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You Don't Say: 'As Life Impacts Us, How Do We Choose To Respond?'

Hillary Tan
Columbia Public Schools MAC Director Annelle Whitt speaks with long-time Columbian Barbra Horrell about growing up and life in Columbia, and the struggles they faced as black women navigating executive careers. The two spoke at Douglass High School.

Barbra Horrell is a life-long Columbian who graduated in 1959, with the last segregated class at Douglass High School. She went on to become the first black student from Columbia to get a full ride in scholarships to MU, and then spent 45 years with the university before retiring. Horrell is a key advocate for historic preseration and education in Columbia with the Sharp End Heritage Committee. 

For KBIA’s You Don’t Say series, Horrell sat down for a talk with Annelle Whitt. Whitt grew up in Long Island, New York, and after spending 25 years as an insurance executie she now directs the MAC scholars program for Columbia Public Schools.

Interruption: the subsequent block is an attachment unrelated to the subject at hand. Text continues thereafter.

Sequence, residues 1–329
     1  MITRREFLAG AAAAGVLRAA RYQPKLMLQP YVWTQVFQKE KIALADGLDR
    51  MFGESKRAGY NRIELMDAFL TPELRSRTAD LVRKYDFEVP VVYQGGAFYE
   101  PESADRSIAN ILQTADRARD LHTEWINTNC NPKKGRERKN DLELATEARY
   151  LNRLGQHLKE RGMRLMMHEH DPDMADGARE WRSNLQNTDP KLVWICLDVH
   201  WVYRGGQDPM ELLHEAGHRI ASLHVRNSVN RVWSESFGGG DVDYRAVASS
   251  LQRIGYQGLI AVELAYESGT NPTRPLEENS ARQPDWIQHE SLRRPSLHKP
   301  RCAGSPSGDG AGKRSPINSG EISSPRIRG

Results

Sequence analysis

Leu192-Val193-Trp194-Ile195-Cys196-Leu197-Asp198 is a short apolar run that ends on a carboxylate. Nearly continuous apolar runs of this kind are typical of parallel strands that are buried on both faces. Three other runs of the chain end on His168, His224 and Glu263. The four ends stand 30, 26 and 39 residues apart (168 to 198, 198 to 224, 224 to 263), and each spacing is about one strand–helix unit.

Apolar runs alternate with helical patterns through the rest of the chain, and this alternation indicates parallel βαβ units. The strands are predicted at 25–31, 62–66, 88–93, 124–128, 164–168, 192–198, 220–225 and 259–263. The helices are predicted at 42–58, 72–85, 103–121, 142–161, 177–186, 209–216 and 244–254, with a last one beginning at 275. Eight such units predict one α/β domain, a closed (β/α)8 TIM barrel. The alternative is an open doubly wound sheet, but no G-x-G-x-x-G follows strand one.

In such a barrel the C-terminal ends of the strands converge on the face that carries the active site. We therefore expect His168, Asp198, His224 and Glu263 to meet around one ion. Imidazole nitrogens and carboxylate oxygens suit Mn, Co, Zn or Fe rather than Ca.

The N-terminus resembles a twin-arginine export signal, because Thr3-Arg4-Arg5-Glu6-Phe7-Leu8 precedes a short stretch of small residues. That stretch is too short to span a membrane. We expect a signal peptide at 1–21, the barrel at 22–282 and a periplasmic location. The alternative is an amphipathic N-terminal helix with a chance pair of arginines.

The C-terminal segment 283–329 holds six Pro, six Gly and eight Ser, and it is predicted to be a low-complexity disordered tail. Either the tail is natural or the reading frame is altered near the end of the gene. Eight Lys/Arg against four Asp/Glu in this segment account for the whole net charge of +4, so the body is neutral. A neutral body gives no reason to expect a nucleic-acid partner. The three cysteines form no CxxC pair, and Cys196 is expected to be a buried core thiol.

The two spoke at Douglass High school, where they discussed growing up and going to work in Columbia — and the struggles they faced as black women navigating high-powered careers.

You Don’t Say is a special project commissioned by the City of Columbia’s bicentennial Como200 task force. It’s co-produced by the Sharp End Heritage Committee and KBIA.

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